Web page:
You know the story — or maybe you don’t.
As a 13-year-old kid, Matthew Sanford was in a car accident that killed his mother and sister and injured him at T4. Later in life, a yoga instructor taught him to “take his legs wide” and he realized it had been 12 years since he’d done that
Sanford, now 45, teaches his adapted yoga to instructors from all over the country so they can in turn teach their clients with disabilities.
With the release of his new DVD, Beyond Disability: A Yoga Practice with Matthew Sanford, anybody with a disability or mobility impairment — including high-level quadriplegia — can now learn yoga without leaving their chair. As someone with facioscapulohumeral muscular dystrophy, I was excited to check out this DVD. Earlier, in 2009, I visited the rehab center in Minneapolis where Sanford teaches his class and got a taste of his practice. I’ve wanted to do yoga for a long time, but my condition prevents me from being able to get down on the floor or perform many exercises. I hoped this video would allow me to practice in my power chair in the comfort of my home, which is perfect for me.
I received Sanford’s new DVD and quickly put off viewing it. I didn’t want to be disappointed to learn that it was yet another inapplicable promise of a healthy alternative to help me keep my body flexible. After reading and re-reading the press release that came with the DVD, I finally popped it in my player and began breathing and relaxing with Matthew and three students, all with varying types and degrees of disability.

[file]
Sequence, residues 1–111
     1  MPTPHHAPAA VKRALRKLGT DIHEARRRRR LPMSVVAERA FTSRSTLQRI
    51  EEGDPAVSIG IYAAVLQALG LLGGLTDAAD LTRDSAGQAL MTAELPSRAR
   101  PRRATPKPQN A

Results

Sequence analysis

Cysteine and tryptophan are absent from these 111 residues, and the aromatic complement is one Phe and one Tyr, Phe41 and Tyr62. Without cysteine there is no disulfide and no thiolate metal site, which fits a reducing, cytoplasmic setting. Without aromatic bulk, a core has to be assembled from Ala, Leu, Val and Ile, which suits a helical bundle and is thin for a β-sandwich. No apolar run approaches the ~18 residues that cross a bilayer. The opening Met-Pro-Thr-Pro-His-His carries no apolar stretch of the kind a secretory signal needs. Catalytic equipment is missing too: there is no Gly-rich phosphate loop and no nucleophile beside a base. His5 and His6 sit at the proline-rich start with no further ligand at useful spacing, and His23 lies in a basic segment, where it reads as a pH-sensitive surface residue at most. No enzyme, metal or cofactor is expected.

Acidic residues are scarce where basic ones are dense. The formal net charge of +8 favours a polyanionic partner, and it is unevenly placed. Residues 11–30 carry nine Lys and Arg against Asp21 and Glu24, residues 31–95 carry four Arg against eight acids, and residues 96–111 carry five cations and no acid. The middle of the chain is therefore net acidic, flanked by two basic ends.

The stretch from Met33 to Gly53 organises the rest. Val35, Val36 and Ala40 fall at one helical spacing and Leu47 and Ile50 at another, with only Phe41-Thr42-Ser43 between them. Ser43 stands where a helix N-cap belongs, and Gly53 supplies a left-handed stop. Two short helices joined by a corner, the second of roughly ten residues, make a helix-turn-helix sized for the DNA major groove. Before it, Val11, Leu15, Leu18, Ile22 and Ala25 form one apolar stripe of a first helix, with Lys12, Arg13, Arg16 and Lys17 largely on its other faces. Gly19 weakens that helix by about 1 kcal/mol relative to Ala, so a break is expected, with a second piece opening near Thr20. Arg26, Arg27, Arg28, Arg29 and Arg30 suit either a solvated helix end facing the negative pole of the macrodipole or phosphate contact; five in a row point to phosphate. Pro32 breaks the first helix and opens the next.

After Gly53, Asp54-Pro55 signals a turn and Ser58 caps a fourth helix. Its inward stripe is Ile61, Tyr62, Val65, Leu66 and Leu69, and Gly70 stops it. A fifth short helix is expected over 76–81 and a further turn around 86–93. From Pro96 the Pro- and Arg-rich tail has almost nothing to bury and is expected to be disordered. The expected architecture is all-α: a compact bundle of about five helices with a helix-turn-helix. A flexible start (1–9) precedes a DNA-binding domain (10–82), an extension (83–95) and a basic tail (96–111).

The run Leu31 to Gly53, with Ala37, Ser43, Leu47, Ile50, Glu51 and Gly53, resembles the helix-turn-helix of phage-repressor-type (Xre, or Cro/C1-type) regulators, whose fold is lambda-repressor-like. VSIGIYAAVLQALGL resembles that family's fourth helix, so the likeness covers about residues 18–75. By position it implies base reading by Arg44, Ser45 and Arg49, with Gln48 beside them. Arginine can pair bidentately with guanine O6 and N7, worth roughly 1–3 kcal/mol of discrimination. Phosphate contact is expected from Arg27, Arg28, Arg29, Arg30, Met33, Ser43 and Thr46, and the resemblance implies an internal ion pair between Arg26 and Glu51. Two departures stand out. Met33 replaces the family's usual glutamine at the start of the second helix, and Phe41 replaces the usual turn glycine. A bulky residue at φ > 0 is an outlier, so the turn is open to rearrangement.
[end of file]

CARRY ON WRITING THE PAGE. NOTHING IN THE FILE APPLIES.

I could relate to each student in some way: Like Tiffiny (Carlson, who writes SCI Life for this magazine) and Kevin, I cannot lift my legs. But I can feel them, like Jeff, who has a traumatic brain injury and is able to walk. Yet, like Jeff, I am unable to lift my arms above my head and need assistance, as does Tiffiny. I could watch all three students and follow what they were doing, depending on the movement.
Seeing how a yoga assistant moved Tiffiny’s arms and legs is a huge bonus for me. This allows my husband or PCA to watch the assistant and learn how to properly guide my arms or legs. My assistants also can benefit from the practice — as it teaches yoga that anybody can use.
Sanford says his goal is to help us learn to live more fully in our body. He does this by showing four basic core sensations we should get out of yoga practice. Sanford made this first DVD to reach the widest range audience as possible.
“I would love to have done a video with me on the mat, but there’s a lot of people who can’t get down and back up from a mat, so that’s a segmented market,” he says. “This video is going to show you how to live more vibrantly in your body and show you what you can get out of yoga practice that can help you every day.”
The end of the video shows the students doing more poses, and it left me wanting more. Sanford says his reason for showing this was exactly that, to show you there is more, but he urges that he doesn’t want people getting hurt. For one thing, someone who has quadriplegia may not be able to do poses the same as someone who has polio.
“You need to get that inner awareness developed before you can start doing more complicated stuff,” he says.
The video was made possible with funding from the Christopher and Dana Reeve Foundation, the Craig H. Neilsen Foundation, and the Elizabeth Sarquis Family Foundation. Toy Box Entertainment, which creates movie trailers for major movie studios, donated their time to edit the high-quality video.